4. Similarity of the various signals was computed by circular cross-correlation. Waveforms being compared were padded to the same length and rotated through frame number. Both average speed waveforms and speed surfaces were analyzed, using 1D correlation for the speed waveforms and 2D correlation (with shifts only along time) for the speed surfaces. For the next stages of the analysis it was more useful to have a measure of dis-similarity, so we used one minus the maximum correlation as a distance measure. Since every signal is correlated with every other signal, the result is a matrix of correlations.
  5. Given a matrix of distances (of all signals to every other signal) you can compute the strength of the clustering of the signals (perhaps by species) and the entropy of the clustering. The entropy of the clustering is an indication of how well the signals conform to some a-priori clustering scheme.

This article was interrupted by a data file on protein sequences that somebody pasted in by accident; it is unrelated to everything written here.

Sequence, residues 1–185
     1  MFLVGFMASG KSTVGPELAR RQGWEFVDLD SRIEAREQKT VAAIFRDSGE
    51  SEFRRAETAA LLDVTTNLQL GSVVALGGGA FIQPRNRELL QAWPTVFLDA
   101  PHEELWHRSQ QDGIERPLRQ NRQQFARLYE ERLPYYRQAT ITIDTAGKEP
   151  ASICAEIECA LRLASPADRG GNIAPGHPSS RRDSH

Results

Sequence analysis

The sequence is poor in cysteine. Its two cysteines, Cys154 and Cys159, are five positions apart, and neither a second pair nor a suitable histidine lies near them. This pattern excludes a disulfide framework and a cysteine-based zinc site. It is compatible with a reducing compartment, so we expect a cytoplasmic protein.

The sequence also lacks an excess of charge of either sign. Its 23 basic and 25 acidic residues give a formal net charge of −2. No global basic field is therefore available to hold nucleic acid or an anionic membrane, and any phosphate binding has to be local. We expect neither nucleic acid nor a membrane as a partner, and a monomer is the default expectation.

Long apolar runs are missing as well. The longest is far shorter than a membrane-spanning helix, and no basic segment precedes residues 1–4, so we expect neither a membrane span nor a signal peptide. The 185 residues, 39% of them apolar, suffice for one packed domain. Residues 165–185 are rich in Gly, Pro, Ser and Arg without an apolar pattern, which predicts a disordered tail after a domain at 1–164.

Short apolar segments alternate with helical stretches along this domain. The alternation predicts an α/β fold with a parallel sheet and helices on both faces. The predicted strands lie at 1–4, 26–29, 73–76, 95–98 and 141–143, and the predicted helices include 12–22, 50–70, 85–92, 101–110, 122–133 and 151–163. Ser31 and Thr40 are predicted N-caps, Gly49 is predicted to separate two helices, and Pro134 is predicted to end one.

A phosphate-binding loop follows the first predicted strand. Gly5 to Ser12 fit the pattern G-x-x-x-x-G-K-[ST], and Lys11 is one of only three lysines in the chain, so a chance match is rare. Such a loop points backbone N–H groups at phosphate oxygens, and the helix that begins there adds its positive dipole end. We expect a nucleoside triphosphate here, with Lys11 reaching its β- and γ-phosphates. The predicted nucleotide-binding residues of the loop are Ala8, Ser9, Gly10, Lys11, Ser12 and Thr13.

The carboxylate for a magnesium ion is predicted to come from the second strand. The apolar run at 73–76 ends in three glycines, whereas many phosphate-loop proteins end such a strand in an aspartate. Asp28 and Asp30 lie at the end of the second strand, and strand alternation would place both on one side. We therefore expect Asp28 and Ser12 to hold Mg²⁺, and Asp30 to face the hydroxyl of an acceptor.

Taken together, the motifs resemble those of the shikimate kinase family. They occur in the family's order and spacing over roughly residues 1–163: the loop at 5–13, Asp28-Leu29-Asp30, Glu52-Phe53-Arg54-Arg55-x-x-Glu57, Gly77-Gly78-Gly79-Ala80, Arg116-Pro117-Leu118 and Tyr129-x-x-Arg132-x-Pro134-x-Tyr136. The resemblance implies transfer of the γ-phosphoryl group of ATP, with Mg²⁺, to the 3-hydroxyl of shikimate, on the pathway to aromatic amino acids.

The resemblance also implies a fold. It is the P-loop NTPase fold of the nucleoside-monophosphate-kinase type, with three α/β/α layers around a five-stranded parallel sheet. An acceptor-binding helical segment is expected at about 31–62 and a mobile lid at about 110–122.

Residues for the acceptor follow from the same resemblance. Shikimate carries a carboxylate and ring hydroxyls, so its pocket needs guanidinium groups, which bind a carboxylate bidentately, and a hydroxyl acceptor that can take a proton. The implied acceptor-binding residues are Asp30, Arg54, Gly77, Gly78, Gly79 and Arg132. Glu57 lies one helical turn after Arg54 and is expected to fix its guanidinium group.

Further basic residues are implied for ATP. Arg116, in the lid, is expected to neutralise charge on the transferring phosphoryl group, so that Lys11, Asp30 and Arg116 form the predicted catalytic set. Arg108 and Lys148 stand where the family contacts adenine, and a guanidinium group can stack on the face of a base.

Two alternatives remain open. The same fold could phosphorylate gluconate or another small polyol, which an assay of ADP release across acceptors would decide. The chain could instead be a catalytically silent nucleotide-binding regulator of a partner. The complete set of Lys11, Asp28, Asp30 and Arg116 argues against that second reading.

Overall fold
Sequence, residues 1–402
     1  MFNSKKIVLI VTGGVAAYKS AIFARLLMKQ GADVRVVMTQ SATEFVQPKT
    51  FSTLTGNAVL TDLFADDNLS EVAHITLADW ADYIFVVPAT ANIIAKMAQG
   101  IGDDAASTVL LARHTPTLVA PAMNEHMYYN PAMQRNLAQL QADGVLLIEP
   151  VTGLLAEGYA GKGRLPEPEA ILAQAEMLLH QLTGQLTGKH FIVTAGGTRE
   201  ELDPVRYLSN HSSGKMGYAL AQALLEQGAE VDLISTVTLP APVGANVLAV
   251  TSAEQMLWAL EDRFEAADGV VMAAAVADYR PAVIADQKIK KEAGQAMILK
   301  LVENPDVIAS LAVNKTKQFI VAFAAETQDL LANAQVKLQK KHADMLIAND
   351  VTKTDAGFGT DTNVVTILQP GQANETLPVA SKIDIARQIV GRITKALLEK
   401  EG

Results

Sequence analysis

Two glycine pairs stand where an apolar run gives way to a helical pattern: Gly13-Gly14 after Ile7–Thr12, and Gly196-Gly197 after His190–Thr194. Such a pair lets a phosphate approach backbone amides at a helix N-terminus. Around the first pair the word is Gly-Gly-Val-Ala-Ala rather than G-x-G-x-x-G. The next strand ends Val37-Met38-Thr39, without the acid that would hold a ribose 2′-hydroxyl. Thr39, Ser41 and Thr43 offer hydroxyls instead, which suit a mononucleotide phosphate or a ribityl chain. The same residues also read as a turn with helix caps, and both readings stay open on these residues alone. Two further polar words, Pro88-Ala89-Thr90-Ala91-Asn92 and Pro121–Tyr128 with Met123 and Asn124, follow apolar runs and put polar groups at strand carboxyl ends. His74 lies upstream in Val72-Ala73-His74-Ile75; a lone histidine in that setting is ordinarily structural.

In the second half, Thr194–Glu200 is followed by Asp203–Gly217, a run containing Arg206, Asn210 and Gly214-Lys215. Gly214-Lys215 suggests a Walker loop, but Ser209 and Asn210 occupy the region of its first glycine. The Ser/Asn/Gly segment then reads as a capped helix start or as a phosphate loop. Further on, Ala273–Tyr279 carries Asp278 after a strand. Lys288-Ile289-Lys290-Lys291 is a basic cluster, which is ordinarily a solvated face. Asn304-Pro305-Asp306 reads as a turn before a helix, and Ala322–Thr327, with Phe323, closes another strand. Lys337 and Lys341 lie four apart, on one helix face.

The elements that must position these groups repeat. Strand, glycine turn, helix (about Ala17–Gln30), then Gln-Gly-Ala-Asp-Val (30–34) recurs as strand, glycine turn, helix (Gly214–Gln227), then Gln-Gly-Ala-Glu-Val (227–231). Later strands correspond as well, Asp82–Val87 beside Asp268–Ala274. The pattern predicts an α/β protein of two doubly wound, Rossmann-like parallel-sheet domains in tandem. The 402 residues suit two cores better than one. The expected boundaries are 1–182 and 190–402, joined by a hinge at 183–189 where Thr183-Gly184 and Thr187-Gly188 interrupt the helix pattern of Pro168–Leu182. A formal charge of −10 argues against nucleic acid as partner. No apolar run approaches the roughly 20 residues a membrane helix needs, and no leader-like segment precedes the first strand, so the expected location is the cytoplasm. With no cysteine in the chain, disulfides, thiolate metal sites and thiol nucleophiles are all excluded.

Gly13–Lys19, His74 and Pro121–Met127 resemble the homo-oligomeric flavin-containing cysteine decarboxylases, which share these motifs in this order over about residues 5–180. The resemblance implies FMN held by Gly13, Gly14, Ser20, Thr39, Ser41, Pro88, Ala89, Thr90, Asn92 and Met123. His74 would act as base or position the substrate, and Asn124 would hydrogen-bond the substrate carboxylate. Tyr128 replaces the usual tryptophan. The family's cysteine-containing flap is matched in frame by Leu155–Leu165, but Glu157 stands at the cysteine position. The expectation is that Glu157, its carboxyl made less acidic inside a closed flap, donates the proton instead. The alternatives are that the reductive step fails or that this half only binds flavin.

6. The distance matrix can also be used as input to a MDS scheme which attempts to find the best 2D or 3D fit to the distance data. Clusters wihch appear after MDS are determined by a golbal relaxation of distance fits, rather than computing a-priori catagory distances.

The programs

The following matlab programs implemented the various features noted above.

Step 1 above was carried out by a short program that reads an AVI file, selects a frame range, and writes a MAT file containing a Matlab movie.

Step 2 and 3 are carried out by a program which takes as input the MAT file containing a movie, decimates the resolution, builds a 3D array (x,y,t) of images, normalizes the intensites, computes the motion and outputs two files, containing respectively arrays of speed and speed histogram (speed surface). Each individual analysis to 2 to 15 munutes on a 2.6 GHz Pentium with 1Gbyte of memory.